It’s all quiet in the Thomas &Mack Center during this midday visit.
Mike Newcomb is strolling along an empty concourse at the University of Nevada, Las Vegas venue Wednesday.
The arena’s executive director glances at the gray floor tile that’s a mere eighth-of-an-inch thick. He explains the floor surface is going away. A design team, which walked the floor this week, is working on a new floor pattern.
Then Newcomb visits the concourse’s north end. He looks at a blank section of wall near a women’s restroom entrance and declares the restrooms in that area will be 20 to 30 feet deeper and a new concession stand will be built into the expanded space.
And then he explains that two new escalators will be installed to help the current two at the front entrance — one on the Cox Pavillion side of the arena and another on the opposite of the building.
“The escalators will distribute and help the concourse flow,” he said.
Those arena improvements are just a sampling of the $47 million face-lift and rehab of the 30-year-old arena, which is among the busiest venues for its seating capacity in the world.
While two arena proposals along the Strip and one in downtown draw most public attention for arenas, UNLV is quietly finalizing details to overhaul a facility that hosts everything from Rebels basketball to sold-out national rodeos to kids shows.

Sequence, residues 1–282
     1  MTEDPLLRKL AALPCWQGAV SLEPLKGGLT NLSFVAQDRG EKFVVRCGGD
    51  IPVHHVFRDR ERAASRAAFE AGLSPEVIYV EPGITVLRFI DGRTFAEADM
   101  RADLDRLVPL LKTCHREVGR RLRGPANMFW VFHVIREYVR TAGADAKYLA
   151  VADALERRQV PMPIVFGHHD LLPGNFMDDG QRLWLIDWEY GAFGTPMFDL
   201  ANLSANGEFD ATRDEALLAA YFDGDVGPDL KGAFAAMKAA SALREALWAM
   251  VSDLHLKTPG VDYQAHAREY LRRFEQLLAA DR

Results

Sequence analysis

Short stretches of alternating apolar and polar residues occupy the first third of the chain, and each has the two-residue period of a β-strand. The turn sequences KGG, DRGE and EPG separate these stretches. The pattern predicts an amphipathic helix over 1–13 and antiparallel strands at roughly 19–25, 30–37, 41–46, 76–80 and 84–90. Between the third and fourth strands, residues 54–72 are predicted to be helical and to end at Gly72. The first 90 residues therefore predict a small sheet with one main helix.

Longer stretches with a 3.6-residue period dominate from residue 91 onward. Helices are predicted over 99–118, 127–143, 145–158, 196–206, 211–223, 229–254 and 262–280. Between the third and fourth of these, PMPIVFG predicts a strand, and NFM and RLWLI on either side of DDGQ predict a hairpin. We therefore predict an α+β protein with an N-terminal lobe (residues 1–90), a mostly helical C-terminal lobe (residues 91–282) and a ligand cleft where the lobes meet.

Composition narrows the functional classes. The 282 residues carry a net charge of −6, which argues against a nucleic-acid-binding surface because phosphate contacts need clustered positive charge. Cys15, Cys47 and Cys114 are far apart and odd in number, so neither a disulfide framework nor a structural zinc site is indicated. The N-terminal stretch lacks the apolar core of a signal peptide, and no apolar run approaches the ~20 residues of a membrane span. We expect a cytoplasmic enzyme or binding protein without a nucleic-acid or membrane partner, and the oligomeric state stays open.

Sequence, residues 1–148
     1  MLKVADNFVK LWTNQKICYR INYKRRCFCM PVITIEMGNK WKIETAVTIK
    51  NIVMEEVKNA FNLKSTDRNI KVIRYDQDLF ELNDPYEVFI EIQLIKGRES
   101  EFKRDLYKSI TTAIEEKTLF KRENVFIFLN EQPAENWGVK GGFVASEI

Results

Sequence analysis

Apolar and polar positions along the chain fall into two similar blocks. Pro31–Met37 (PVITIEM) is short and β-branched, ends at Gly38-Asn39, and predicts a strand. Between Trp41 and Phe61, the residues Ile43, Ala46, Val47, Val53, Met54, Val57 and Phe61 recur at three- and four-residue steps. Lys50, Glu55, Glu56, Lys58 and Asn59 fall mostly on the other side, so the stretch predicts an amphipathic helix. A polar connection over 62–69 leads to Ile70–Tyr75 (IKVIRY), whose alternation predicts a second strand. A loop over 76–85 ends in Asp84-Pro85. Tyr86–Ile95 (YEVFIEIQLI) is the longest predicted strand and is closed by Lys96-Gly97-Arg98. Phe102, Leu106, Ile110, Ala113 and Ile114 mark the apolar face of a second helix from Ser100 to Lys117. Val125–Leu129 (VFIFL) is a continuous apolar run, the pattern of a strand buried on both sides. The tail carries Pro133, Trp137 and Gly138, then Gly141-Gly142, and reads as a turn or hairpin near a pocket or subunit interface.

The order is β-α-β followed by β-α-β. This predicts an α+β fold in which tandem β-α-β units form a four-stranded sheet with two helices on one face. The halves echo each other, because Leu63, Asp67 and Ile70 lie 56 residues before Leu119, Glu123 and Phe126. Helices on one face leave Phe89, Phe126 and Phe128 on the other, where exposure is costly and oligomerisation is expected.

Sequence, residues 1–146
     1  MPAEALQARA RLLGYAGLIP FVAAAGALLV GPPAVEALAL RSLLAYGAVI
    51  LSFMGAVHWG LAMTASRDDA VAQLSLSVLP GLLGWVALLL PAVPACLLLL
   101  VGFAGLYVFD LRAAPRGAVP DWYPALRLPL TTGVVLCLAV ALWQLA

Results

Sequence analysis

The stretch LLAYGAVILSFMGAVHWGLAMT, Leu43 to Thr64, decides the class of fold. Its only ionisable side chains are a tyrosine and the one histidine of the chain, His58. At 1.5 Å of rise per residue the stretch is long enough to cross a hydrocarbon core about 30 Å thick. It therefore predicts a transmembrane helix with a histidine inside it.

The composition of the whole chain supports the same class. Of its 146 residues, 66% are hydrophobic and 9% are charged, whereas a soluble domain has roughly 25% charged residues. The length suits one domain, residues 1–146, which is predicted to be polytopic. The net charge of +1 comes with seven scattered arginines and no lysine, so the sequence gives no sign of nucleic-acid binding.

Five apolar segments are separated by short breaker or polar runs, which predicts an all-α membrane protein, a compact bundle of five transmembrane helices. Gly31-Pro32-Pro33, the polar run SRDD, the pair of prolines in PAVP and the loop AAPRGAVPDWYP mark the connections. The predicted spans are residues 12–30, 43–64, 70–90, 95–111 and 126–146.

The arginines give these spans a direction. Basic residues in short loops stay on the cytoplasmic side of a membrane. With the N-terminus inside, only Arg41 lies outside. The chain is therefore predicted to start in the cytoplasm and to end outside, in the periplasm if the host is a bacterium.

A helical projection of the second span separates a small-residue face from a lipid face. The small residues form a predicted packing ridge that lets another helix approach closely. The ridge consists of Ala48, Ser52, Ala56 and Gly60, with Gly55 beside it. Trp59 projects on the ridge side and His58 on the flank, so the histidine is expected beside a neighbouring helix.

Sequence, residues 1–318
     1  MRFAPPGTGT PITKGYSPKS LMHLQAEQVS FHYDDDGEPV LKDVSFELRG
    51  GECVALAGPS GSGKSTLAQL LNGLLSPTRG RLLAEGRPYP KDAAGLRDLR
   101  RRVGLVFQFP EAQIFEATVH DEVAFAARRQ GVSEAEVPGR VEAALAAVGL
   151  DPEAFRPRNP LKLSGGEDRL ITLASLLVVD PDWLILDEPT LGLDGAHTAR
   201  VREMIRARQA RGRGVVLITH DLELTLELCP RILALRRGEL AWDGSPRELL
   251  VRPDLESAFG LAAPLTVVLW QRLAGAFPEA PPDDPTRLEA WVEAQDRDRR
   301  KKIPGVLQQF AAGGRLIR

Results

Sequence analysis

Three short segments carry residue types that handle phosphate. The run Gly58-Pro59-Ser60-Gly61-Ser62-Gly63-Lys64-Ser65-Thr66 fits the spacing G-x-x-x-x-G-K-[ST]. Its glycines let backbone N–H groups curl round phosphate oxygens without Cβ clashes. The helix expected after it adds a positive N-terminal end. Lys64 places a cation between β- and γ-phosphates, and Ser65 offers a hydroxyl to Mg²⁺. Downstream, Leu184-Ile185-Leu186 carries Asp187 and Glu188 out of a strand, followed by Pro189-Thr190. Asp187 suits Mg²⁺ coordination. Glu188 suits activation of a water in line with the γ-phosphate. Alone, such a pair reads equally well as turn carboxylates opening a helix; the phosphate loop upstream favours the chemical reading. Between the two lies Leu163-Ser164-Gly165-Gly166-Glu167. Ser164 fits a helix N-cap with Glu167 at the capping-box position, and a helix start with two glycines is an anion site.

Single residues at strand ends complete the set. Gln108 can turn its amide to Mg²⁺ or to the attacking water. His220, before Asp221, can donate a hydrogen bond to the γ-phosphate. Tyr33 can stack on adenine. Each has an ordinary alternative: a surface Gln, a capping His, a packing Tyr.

UNLV officials pulled together the arena overhaul proposal in autumn 2012 and hope to complete the project in early 2016, Newcomb said. Klai Juba is project architect; Woods Bagot is construction manager.
The arena rehab work might appear to be timed so that the venue is in prime shape to compete against the new MGM Resorts International-AEG arena scheduled to also open in 2016 behind New York-New York on the Strip.
A major chunk of the improvements won’t even be seen by fans. The university is spending $20 million to $22 million of the $47 million on mechanical upgrades such as replacing 30-year-old air handlers and water boilers. The electrical system will also be tested, with aluminum wiring changed to copper.
What fans will see will be 8,000 new lower bowl seats at a cost of $3 million, while Americans With Disabilities Act improvements include increasing the number of seats for physically disabled to 101 from 26, Newcomb said.
The concourse and its more than 150 points of sale will get a major sprucing with rebranded signs and new equipment at the concession stands. Newcomb expects the number of concessions spots to increase by 10 percent.
Energy costs are expected to decrease because new air conditioning, hot water and lighting equipment will be installed, Newcomb said.
And Newcomb expects a 10 percent increase in the number of points of sale along the concourse from the arena improvements. That will generate more revenue for the arena. Meanwhile, operating expenses are expected to drop because of the new air systems and equipment.
Thomas &Mack has about 100 event days a year, he said.
Contact reporter Alan Snel at firstname.lastname@example.org or 702-387-5273. Follow @BicycleManSnel on Twitter